Supporting People Living With Dementia

We’ve all got a little bit too used to looking at statistics over the past year. I hope you don’t doomscroll for the 5pm updates on Coronavirus cases, hospitalisations and deaths every day, but even if you’re trying to avoid looking at this it’s hard to avoid the stark and shocking numbers providing the backdrop to this period of our lives. It’s a bit of a cliché to say we should look at the people behind the statistics – of course we should do that but it’s quite abstract and often quite depressing.

So what can we do to respond to the pandemic not just as businesses but as people? I think a good way to think about your role now and how we emerge from this is to consider the value we’re adding to our everyday interactions will people who need us. Local shops have been doing this well before the pandemic, but that additional bit of help you can give someone in store, or the delivery you can make to a vulnerable customer, or the words of support for an anxious colleague – all these things have more value now than ever. To add this value and play this part in the national effort you need to understand the needs of your customers, and to have empathy with their situation, and this is one of the reasons we’ve been focusing on helping retailers and colleagues to become Dementia Friends.

Imagine facing into the stress and anxiety of these times in the context of living with dementia, or having a close relative living with dementia. Every interaction is harder and riskier, every word or smile or raised voice could have an impact that lasts for hours or days or longer, and the prospect of being alone while suffering from Covid-19 – worrying for any of us – is unthinkably scary. One of the soundbites of this crisis is that trends have been accelerated, amplified and magnified due to the pandemic, and we talk about this a lot in respect of shopping habits and trading issues. Well, that’s also true when it comes to living with dementia: life-changing problems becoming even more critical.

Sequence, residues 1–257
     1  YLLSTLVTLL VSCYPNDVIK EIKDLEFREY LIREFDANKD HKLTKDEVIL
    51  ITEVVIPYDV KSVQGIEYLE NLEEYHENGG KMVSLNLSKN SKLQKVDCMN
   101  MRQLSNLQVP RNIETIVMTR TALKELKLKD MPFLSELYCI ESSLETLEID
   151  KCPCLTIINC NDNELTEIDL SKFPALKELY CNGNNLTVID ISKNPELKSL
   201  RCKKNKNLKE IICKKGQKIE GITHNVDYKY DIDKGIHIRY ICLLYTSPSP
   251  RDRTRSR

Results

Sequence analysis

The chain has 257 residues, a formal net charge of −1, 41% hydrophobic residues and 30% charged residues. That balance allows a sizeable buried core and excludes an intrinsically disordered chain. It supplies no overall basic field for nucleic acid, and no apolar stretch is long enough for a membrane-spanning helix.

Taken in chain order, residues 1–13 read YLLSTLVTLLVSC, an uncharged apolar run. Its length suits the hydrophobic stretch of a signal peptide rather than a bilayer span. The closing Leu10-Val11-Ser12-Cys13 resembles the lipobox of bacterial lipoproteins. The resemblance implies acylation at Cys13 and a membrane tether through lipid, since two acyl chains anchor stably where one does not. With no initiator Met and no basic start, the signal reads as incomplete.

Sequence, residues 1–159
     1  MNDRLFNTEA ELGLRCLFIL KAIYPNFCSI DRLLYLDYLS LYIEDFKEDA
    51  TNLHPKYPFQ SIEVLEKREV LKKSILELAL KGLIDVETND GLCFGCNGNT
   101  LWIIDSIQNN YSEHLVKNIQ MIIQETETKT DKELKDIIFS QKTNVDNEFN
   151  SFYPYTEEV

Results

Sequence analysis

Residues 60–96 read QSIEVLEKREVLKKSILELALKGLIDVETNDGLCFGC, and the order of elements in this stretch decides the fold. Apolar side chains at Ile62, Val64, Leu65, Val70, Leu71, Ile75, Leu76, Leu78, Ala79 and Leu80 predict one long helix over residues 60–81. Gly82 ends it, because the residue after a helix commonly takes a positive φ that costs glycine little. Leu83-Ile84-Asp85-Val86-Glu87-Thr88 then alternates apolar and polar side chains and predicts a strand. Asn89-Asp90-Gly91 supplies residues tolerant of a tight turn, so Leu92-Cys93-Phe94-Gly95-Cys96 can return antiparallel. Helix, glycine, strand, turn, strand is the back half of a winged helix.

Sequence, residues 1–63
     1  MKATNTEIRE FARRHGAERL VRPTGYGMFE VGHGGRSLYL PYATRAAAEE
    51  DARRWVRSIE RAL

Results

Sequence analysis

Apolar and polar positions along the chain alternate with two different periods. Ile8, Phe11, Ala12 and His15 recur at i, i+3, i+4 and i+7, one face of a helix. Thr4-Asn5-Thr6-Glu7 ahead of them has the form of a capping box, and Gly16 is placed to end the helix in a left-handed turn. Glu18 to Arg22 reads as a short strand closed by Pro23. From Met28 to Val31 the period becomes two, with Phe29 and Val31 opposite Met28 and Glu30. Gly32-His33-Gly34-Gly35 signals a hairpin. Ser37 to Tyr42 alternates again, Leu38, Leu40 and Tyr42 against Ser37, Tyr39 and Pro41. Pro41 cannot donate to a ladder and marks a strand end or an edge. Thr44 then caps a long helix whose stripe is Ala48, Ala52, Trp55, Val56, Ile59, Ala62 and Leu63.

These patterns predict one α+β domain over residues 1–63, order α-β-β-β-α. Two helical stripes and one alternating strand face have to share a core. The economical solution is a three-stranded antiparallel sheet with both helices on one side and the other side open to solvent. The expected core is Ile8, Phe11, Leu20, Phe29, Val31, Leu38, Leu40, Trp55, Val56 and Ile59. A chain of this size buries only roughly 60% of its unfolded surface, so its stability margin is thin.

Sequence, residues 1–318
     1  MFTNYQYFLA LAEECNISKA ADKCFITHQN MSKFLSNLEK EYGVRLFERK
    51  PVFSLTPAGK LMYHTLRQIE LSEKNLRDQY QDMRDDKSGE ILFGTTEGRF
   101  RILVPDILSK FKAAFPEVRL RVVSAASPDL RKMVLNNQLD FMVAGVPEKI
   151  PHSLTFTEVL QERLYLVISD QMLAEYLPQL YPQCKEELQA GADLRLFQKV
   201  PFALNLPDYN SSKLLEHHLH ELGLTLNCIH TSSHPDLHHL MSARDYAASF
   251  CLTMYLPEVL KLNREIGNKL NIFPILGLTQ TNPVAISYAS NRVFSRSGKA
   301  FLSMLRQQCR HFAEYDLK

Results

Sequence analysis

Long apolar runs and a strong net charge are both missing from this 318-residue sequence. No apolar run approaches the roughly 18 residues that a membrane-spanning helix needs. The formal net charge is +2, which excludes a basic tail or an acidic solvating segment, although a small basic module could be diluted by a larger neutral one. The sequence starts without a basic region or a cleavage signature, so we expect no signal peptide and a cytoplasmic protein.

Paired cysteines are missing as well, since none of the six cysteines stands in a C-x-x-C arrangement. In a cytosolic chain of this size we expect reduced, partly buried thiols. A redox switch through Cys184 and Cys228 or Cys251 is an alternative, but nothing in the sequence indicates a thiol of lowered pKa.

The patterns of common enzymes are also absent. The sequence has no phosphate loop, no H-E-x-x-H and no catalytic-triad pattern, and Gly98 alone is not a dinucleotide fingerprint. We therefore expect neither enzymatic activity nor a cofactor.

In case it’s not clear, this is what it’s got to do with us: 850,000 people in the UK are living with dementia, and there are about 46,000 convenience stores in the UK. So, have a think about the number of interactions you and your colleagues will have with those people and their carers. Yes, there are many customers with many disabilities who need your help, but sadly as dementia becomes more common, understanding how to help this group of customers is going to become as fundamental to your business and ordering stock or checking date codes. If that all sounds a bit negative, let’s look at this the other way round: what an opportunity to help people, inspire loyalty, equip your colleagues with skills that will help them form life (in their work with you and beyond), and cement your community role.

When we decided to focus on this issue, we didn’t want to make it about fundraising, we wanted to provide practical support. Our Supporting Vulnerable Customers guide covers a wider range of issues but includes some key information on supporting people with dementia. And coming up, we have online training courses which you can attend for free. Yes, you and your colleagues are very busy now, but this is a great chance to learn more and to help your customers, it really can’t wait! Book here to take part in the courses that we’re running with the Alzheimer's Society.

This entry was posted by Chloe on Tue, 12/01/2021 - 11:45